While Q2 Music celebrates contemporary Polish new music this week, it’s no less than cosmic timing that Mariusz Kwiecien released his debut solo disc, Slavic Heroes, on January 10 for Harmonia Mundi.
Kwiecien, who turns 40 this fall, has garnered a reputation for Italianate roles at the Met, particularly in Donizetti (Lucia di Lammermoor, Don Pasquale) and Mozart (Le Nozze di Figaro, Così fan Tutte, Don Giovanni). Elsewhere, however, his hauntingly conflicted Onegin is the sort of performance to be used, alongside Hvorostovsky and Mattei, as a future measuring stick for young baritones. There’s pedigree in Hvorostovsky, heart in Mattei, but the disaffection in Kwiecien leaves him magnificently malevolent, creating an even harder crash in the final rejection scene. Like roasted veal bone marrow, you want to spread it on toast.
Yet the true draw of Slavic Heroes, a disc that forgoes the traditional baritone subjects of revenge, avarice and malfeasance to show the real emotive powers of the darker male range, is the hidden splendor of the Polish rep. “This is a very American thing, to have heroes and be proud of your country,” Kwiecien told Opera News last September when asked about the Polish figures he would like to play in opera. “But when I was born, my country was really a prison for all of the Polish people…at the time under Communism, everything was the same, everything was gray.”
Poland may have had no Captain America-like idols for young Kwiecien, but by the time he began to develop a taste for music in high school at the Academy of Music in Kraków, the pool of heroes had widened considerably. And while many will come to Slavic Heroes for the Tchaikovsky, they’ll stay for the Moniuszko and Szymanowski.
Szymanowski’s Król Roger is a bit of an anomaly on the disc. It’s at once the most recognizable Polish work, which sets it apart from the rarities by Stanislaw Moniuszko. Written in 1924, it’s also the only work not to come from the early 19th Century. It is, however, a tantalizing gateway drug (Kwiecien has sung the role previously in Europe and brings it to Santa Fe this summer). The final hymn to Apollo speaks to ration over passion, west versus east, secular versus sacred—a push-pull endemic to the 20th Century. Such conflict was also apparent in Szymanowski’s own life as he careened from an exotic aesthetic espoused by members of the musical movement Young Poland to a period of post-October Revolution depression and crises of faith in a world that had become homogenized and gray. It’s perhaps not by chance that the Szymanowski selection ends the disc, hinting at a disruption to the preceding idyll of tasty torture and romanticized rage.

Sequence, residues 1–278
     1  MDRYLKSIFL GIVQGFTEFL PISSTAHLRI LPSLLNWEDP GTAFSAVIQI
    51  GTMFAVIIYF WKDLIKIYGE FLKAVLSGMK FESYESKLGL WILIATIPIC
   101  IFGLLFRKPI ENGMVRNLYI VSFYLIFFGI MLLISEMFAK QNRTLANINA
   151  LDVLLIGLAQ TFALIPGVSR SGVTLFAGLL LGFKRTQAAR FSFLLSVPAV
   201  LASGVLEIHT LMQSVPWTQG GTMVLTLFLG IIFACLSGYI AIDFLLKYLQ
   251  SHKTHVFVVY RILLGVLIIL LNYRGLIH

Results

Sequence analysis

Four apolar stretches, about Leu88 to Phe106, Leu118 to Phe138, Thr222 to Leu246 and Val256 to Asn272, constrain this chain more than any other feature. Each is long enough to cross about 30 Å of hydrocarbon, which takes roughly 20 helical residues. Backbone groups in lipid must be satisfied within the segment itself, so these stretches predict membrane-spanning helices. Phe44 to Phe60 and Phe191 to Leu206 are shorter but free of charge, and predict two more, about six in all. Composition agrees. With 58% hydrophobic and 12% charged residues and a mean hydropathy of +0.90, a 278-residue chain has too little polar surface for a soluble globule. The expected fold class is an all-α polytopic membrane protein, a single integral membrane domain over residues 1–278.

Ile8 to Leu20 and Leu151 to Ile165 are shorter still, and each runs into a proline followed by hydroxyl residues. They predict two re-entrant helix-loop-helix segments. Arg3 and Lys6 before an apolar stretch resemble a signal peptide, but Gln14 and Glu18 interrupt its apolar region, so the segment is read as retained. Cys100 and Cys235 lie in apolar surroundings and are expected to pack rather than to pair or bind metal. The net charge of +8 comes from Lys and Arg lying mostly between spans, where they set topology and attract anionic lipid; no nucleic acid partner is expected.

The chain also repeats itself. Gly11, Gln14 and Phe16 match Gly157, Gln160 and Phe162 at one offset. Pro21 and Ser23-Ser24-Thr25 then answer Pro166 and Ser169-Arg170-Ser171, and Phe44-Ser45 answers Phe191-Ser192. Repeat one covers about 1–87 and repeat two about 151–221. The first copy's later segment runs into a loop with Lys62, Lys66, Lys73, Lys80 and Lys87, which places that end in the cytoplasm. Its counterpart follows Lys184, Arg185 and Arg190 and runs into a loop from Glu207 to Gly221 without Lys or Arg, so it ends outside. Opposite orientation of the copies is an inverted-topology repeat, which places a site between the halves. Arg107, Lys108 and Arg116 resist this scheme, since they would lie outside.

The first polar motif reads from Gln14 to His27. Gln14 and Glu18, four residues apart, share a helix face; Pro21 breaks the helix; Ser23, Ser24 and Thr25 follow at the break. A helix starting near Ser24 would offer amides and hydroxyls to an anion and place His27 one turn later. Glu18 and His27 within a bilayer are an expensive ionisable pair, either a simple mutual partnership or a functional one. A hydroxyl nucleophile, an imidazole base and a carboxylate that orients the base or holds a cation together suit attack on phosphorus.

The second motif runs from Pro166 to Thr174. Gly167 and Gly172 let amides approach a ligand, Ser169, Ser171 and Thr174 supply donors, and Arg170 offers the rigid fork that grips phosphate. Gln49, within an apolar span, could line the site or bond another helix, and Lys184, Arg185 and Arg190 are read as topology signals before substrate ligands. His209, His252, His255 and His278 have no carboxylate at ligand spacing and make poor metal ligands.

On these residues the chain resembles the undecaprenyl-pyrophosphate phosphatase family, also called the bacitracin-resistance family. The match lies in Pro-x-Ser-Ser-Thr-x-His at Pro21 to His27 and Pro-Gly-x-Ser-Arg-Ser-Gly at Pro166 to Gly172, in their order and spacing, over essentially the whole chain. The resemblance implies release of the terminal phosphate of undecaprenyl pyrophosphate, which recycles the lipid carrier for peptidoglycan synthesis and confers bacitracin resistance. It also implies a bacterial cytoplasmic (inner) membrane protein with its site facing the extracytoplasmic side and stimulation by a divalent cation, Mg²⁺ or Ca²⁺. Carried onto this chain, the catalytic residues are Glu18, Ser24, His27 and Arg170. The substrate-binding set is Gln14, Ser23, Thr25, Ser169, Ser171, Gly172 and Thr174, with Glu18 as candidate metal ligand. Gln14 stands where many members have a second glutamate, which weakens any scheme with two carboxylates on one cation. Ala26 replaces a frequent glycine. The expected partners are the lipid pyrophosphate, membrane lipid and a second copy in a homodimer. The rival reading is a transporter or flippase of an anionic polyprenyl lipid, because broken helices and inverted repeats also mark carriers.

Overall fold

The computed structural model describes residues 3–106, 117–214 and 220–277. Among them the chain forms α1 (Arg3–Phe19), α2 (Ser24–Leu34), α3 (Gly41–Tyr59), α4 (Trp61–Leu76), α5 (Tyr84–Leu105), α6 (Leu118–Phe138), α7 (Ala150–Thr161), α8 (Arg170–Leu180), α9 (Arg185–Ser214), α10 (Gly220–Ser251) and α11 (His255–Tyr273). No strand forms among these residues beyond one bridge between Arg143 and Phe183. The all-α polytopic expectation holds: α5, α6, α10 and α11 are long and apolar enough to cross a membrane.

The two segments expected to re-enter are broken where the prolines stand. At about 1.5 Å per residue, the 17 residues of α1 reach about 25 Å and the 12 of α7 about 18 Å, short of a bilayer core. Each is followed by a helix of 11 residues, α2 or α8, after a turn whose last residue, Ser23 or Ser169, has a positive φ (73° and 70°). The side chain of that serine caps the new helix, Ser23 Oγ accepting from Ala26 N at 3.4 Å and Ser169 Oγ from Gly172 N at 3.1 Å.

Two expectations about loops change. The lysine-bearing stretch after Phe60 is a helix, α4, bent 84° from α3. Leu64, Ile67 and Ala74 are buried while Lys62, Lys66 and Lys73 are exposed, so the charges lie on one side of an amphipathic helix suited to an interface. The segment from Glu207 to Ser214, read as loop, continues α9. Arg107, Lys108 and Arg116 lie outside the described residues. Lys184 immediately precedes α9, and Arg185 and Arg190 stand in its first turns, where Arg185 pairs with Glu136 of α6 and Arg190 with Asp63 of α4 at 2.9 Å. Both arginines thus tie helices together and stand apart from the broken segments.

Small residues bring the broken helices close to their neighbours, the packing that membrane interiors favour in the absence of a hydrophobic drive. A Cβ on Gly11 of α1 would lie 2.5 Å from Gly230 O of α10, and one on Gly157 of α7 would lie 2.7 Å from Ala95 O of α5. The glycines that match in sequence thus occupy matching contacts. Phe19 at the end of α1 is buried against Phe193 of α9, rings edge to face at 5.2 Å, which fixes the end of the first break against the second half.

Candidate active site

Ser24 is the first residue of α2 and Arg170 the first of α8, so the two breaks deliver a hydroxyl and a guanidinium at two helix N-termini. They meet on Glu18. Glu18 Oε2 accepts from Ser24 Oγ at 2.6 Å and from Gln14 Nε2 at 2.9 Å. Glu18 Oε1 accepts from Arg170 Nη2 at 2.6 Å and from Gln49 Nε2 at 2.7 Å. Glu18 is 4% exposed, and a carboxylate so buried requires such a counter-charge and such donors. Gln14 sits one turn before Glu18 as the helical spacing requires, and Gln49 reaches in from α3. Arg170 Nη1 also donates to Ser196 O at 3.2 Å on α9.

Comparatively, Moniuszko’s triad represented here by Kwiecien is winsome, glittering, but is not a sonic civilization without discontents. An aria from Halka (“Helen”) sung by a lover who seduces and abandons a village girl and goes on to marry an heiress of means is the sort of tune Don Giovanni would croon if he had any sense of moral reprehension. The line “I am afraid of her tears” is one of those moments of pure, drop-dead opera. And Moniuszko’s use of repeated lines hint at the emotional turmoil and mental imbalance of a character otherwise easily written off as a gold-digging rake, complemented by a score that starts off similarly to Onegin’s hallmark Act I aria before moving into breathless convulsions. A father’s aria in Straszny Dwór (“The Haunted Manor”) is regal, refined and totally against any character acceptable in Communist-era Poland—but it’s hard not to feel a sense of nationalistic pride when he calls for a worthy son-in-law to be willing to shed blood for his country.
Similar pastoral idylls are at play in the final selection from Moniuszko (Verbum Nobile or “The Word of a Nobleman”), which ups the champagne factor musically and gives Schubert a run for his pastoral money. In such an arrangement—punctuated by arias from Dvorak, Rimsky-Korsakov and Tchaikovsky—we travel from the darkest of Moniuszko’s corners to the lightest, before plunging back into the ice bath with Szymanowski by way of Borodin’s Prince Igor. You get the sense of a requiem for Poland, a country that, for a time, was in the words of Verdi “so lovely and lost.” Trim the trappings of Russia and the Czech Republic, and here you’re left with a blessedly incomplete full circle—and a beguiling new rep that demands further exploration.